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lambda exo ssDNA sequencing

John H McDonald mcdonald at ravel.udel.edu
Tue Aug 17 12:11:57 EST 1993

In article <1993Aug17.121221.1 at molbiol.ox.ac.uk> awalley at molbiol.ox.ac.uk writes:
>Pharmacia PCR Template Prep:
>As we are having problems with direct sequencing of PCR products we are 
>looking for ways to improve the template. This kit, advertised in Nature 
>Genetics recently, offers the option of ssDNA sequencing using a dsDNA PCR 
>product as the starting material. This is achieved by selectively degrading 
>one strand using lambda exonuclease.
>Does anyone have any opinions on this product or experience of it in practice 
>as we hwere unablle to get a free sample from Pharmac :-)
>Andrew Walley,
>Paediatric Molecular Genetics,
>Institute of Molecular Medicine,
>Oxford, U.K.

This procedure is described in Higuchi and Ochman, Nucleic Acids Research
17:5865.  It works very well, and it's easy enough that you should be
embarrassed to use a kit.  Lambda-exonuclease is available from GibcoBRL
or Pharmacia.  Here's the protocol:

1. Do a 100 ul PCR reaction using one phosphorylated primer and one
regular primer.  
2. Add 0.5 units lambda-exonuclease plus 10 ul lambda-exo supplement (775 mM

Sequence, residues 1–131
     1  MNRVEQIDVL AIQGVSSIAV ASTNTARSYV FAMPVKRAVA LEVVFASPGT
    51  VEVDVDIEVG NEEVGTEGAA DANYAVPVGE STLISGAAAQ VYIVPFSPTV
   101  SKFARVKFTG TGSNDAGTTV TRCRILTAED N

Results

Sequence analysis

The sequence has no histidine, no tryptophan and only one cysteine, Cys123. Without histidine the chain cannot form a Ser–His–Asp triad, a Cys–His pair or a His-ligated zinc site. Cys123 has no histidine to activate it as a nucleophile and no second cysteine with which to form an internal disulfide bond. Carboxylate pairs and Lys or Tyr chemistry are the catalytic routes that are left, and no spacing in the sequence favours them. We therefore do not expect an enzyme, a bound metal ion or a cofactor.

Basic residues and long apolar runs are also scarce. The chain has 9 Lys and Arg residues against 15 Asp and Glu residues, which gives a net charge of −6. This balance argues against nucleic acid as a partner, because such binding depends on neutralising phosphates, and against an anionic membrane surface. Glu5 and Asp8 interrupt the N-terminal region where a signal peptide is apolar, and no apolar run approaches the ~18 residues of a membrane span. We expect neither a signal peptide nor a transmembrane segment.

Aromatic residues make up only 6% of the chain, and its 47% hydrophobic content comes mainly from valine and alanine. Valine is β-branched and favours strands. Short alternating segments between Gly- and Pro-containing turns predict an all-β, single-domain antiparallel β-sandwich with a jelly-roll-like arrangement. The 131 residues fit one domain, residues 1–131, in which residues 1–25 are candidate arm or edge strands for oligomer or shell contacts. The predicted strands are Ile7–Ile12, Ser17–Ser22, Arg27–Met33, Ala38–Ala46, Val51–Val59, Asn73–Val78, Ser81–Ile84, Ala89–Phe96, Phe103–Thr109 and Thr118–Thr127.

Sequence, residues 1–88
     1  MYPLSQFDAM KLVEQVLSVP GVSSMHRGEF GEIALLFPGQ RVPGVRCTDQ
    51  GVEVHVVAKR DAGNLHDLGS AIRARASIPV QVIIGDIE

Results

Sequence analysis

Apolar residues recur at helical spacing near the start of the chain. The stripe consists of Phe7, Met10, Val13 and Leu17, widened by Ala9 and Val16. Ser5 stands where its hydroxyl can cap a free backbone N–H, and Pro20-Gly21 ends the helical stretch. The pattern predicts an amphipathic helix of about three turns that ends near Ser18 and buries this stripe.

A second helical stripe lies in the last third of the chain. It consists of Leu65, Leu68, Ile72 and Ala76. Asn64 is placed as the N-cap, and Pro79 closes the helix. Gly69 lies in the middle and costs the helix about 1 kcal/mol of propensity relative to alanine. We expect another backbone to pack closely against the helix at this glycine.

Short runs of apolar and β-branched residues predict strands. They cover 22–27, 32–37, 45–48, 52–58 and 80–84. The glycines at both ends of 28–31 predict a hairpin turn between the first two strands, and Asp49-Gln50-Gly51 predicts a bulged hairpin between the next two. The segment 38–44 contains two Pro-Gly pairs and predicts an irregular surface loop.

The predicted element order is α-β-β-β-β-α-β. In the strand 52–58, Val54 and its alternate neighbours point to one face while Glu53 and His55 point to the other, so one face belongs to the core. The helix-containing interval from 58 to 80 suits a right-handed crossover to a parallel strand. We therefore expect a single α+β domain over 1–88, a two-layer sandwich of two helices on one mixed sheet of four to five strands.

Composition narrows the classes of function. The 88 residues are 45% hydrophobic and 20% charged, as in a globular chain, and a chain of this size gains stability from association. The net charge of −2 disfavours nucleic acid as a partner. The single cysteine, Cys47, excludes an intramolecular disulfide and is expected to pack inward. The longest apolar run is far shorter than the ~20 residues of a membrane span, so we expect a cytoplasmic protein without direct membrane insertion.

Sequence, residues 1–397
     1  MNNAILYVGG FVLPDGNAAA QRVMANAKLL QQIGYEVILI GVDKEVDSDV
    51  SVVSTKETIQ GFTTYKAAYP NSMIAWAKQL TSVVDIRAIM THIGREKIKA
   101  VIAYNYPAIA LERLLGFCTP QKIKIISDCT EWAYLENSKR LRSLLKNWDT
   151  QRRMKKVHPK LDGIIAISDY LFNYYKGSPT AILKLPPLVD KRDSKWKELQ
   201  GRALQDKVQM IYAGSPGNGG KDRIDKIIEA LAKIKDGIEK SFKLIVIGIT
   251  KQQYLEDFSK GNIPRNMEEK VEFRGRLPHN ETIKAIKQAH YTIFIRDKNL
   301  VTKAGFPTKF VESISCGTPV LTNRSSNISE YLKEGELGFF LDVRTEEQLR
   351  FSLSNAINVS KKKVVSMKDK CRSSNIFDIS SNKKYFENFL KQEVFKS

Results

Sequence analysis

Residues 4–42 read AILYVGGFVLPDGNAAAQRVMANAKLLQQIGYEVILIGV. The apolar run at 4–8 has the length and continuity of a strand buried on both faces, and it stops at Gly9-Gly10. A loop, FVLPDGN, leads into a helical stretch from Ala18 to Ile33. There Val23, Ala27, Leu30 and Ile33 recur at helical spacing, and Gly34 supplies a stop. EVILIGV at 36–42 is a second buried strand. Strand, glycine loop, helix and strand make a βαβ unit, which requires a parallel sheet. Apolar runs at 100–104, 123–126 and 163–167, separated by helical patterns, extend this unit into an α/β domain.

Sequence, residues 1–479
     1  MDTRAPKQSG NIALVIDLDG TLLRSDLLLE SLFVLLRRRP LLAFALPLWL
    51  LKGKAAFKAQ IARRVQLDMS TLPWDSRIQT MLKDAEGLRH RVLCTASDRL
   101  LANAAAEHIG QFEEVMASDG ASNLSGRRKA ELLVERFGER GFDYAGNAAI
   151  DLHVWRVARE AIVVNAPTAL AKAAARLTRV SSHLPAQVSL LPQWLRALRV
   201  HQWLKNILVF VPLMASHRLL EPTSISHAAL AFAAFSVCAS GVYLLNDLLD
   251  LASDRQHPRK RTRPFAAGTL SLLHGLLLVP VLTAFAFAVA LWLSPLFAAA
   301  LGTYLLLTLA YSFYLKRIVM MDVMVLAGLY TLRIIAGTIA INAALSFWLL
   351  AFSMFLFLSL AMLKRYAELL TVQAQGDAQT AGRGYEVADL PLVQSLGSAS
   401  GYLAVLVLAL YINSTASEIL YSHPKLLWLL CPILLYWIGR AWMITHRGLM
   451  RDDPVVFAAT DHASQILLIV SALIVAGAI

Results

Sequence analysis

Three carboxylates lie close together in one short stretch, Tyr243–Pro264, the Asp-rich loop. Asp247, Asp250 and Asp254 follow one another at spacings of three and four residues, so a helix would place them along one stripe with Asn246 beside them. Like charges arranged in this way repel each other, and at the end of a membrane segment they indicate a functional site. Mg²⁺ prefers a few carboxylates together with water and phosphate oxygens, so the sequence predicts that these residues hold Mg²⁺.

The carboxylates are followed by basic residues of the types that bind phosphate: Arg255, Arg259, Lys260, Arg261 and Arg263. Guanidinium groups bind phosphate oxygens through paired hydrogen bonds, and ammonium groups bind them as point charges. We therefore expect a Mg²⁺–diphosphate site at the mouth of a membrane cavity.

glycine, 278 mM KOH, 5.8 mM
MgCl2).  This supplement plus the PCR buffer makes lambda-exo buffer.
Making a cocktail of enzyme plus supplement doesn't hurt the enzyme, at
least not for a few minutes.  Incubate 30 minutes at 37 C.
3.  Do one phenol/chloroform extraction, then one chloroform extraction.
4.  Precipitate by adding 50 ul 7.5 M NH4OAc, 150 ul ethanol.  Five
minutes at room temperature, then spin 15 minutes.  This is a selective
precipitation; these conditions will precipitate large DNA, but not
primers or unincorporated nucleotides.
5.  Wash with 1 ml 70% ethanol, dry, and resuspend in T.E.  A typical PCR
reaction will yield enough DNA for 2 or 3 sequencing reactions.

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